“We all knew once the temple went up, it was not just for Laie or Hawaii but the whole Pacific Rim,” Miller said. “People from places like Samoa moved here and brought their own ideas. Everybody learned about each other’s culture and had respect.” She adds that the relationsh­ip between Hawaiians and the church hasn’t been “perfect,” but residents feel a sense of pride for the strong community they’ve built over time.

This history is what makes Laie so welcoming to visitors when it comes to the aloha spirit, Miller said.


Leave town, aka Honolulu, in the morning and make the scenic drive to the North Shore. Prepare to lose cellular service at some points along the way. Once you arrive in Laie, check into The Courtyard by Marriott Oahu North Shore – home base for the weekend. It’s convenient­ly located just steps from the Polynesian Cultural Center.

Grab lunch at Pounders Restaurant, which serves up local fare with farmfresh ingredient­s. Order the ahi poke nachos for the table, a classic appetizer with an island twist. The portions are large, so save room for dessert, such as a slice of mango or guava cheesecake.

Once fueled up, walk over to the Cultural Center, dubbed Polynesian Disneyland.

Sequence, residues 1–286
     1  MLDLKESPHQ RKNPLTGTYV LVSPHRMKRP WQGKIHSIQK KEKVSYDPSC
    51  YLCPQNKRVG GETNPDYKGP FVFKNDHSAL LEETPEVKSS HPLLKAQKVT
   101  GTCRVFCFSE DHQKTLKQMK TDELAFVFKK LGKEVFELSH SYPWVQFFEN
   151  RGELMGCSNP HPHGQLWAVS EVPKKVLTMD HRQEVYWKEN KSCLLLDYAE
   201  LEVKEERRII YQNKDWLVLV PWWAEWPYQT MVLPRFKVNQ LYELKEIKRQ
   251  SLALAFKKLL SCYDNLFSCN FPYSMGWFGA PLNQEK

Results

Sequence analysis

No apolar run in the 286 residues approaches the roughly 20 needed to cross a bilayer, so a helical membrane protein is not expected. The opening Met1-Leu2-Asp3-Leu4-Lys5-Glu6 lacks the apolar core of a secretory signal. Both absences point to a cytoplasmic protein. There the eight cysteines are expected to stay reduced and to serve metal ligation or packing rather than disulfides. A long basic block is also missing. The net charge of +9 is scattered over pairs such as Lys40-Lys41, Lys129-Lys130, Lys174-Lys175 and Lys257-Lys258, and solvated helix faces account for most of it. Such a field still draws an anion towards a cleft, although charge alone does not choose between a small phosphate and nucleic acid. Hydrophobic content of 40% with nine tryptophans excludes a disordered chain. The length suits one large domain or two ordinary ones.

The center comprises six immersive villages representi­ng six island cultures: Hawaii, Fiji, Aotearoa ( New Zealand), Samoa, Tahiti and Tonga.

Throughout the day, the villages host different workshops, like how Samoans quickly climb up tall coconut trees to gather the fruit, and presentati­ons, like watching the Maori warrior dance, known as the haka, in Aotearoa. There are canoe tours and a tram.

At 6 p. m., the villages close down, and it’s showtime. Head over to the Ali’i Luau Onipa’a, a tribute to Queen Liliuokala­ni, Hawaii’s last ruling monarch. The performanc­es recount her life, including her imprisonme­nt in Iolani Palace for eight months as the Hawaiian Kingdom was overthrown by Western interests. The show is the only full Hawaiian luau on the island ( most others are pan- Pacific in that they showcase other cultures, such as Tahitian dancing).

“This is the story that is very relevant and front of mind to our people here in Hawaii: Why not present it in a way to hopefully help our visitors understand?” Moe said. During the show, guests can taste Hawaiian fares such as kalua pig, poi, poke and more.